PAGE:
Such an assembly also may further comprise two frame blankets in each instance disposed along a longitudinal edge of the insulation blanket, the frame blankets comprising a notch at each fastening support.

This invention also proposes an insulation system made up of two assemblies such as defined in the preceding paragraph and characterized in that the two insulation blankets are disposed one in the extension of the other, and in that an oblong-shaped cut-out is made in the two insulation blankets, at the joining thereof. In such an insulation system according to the invention, it advantageously is provided that for each insulation blanket, a flange made of rigid synthetic material taking up the shape of the cut-out is fastened onto the corresponding blanket, and that the two flanges have reversible assembly means making it possible to connect the two flanges.

This invention further proposes an aircraft fuselage section comprising frames, an outer skin fastened onto the frames with the aid of fastening parts called stabilizers, at least one insulation blanket, characterized in that it comprises at least one assembly described above, and in that the fastening supports each are fastened onto a stabilizer.

Finally, this invention also applies to an aircraft that comprises at least one insulation blanket such as described above.

Details and advantages of this invention will become more apparent from the description that follows, presented with reference to the attached schematic drawings on which:

FIG. 1 shows an insulation blanket according to this invention mounted in an aircraft,

FIG. 2 is a view in perspective, on an enlarged scale in relation to FIG. 1, of an insulation blanket from FIG. 1,

FIG. 3 is a detail view from FIG. 2 on an enlarged scale,

FIG. 4 shows an example of a connection of an insulation blanket according to the invention to an aircraft structure,

FIG. 5 is a detail view showing a support for connection to the structure of an aircraft,

FIG. 6 shows support means for electrical cables,

FIG. 7 shows a support for an air pipe and a corresponding air section,

FIG. 8 shows the devices from FIGS. 6 and 7 in mounted position,

FIG. 9 is a detail view around an aircraft window showing how the invention applies at such a window,

FIG. 10 is a view corresponding to FIG. 11, one insulation blanket having been removed, and

FIG. 11 shows an insulation blanket flange that may be seen on FIG. 9.

FIG. 1 shows an aircraft fuselage portion insulated with the aid of insulation blankets. The structure of an aircraft usually comprises frames connected by stringers. An outer skin is fastened onto the frames and the stringers to form the fuselage of the aircraft. The frames are sectional parts bent so as to form a ring, more often than not a circular ring. The frames are disposed in a transverse plane in relation to the longitudinal axis of the aircraft and the stringers connect the frames by extending longitudinally in relation to the aircraft. The outer skin forming the fuselage is fastened onto the frames and the stringers with the aid of connection parts called stabilizers 2. A part of such a stabilizer may be seen, for example, on FIGS. 4 and 5.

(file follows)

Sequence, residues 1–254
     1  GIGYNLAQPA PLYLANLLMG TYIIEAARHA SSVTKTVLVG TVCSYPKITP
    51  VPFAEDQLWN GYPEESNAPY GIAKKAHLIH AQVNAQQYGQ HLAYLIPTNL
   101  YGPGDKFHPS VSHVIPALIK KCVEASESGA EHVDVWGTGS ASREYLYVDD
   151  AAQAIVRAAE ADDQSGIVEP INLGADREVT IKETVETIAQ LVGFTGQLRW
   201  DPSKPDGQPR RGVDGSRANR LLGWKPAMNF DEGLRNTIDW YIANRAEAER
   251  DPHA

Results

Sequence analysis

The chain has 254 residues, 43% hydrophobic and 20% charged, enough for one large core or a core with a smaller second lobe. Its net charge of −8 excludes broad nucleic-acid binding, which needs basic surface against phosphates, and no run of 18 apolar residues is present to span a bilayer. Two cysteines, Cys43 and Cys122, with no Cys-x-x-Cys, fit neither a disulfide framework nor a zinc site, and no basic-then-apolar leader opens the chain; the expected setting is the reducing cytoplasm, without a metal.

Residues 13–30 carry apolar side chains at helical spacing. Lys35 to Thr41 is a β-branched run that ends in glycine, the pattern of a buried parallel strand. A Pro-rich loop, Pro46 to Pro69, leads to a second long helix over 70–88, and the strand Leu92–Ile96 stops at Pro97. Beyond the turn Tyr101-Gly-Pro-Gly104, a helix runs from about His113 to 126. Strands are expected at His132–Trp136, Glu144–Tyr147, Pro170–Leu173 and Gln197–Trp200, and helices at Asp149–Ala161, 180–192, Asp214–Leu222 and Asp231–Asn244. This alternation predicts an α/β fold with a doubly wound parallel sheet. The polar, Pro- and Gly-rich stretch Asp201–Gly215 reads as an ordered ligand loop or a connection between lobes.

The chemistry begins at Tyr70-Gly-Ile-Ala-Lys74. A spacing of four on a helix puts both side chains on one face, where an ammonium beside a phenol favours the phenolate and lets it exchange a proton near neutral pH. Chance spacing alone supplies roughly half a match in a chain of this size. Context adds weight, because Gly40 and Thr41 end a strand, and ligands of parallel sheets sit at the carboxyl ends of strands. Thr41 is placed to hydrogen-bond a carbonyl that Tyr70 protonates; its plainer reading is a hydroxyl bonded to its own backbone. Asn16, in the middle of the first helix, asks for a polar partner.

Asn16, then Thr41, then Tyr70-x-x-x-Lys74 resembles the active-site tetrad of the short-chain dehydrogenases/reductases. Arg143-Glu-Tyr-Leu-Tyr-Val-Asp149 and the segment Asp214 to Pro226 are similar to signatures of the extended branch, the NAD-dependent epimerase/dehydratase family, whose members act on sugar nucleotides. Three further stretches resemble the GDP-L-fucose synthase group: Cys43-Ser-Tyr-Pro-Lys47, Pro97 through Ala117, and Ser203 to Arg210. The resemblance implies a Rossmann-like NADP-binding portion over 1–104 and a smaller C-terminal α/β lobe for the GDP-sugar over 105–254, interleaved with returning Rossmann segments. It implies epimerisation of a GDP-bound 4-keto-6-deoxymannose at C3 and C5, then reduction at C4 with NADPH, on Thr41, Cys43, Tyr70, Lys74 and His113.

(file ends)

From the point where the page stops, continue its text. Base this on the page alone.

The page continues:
The description that is provided below is provided with reference to a fuselage part integrating a window 4. Of course, this invention also applies to the insulation of fuselage portions not having any window, and the individual skilled in the art easily will be able to apply this invention to such a fuselage section.

Insulation blankets usually are used to achieve thermal and acoustic insulation of the aircraft. Two major families of insulation blankets are used: field blankets 6, 8 and frame blankets 10. The field blankets are insulation blankets, made of foam rubber or the like, being in the form of strips that come to be installed between two successive frames of an aircraft. As to frame blankets 10, they are used to cover the frames and form the connection between two field blankets of two adjacent fuselage sections.

On FIG. 1, there is a first field blanket 6 or lower field blanket that extends between two frames as far as halfway up window 4. As to a second field blanket 8, or upper field blanket, it extends from halfway up window 4 to the top. As explained in greater detail farther on, a cut-out is made at the joining between first field blanket 6 and second field blanket 8 in order to fit the shape of the outline of window 4.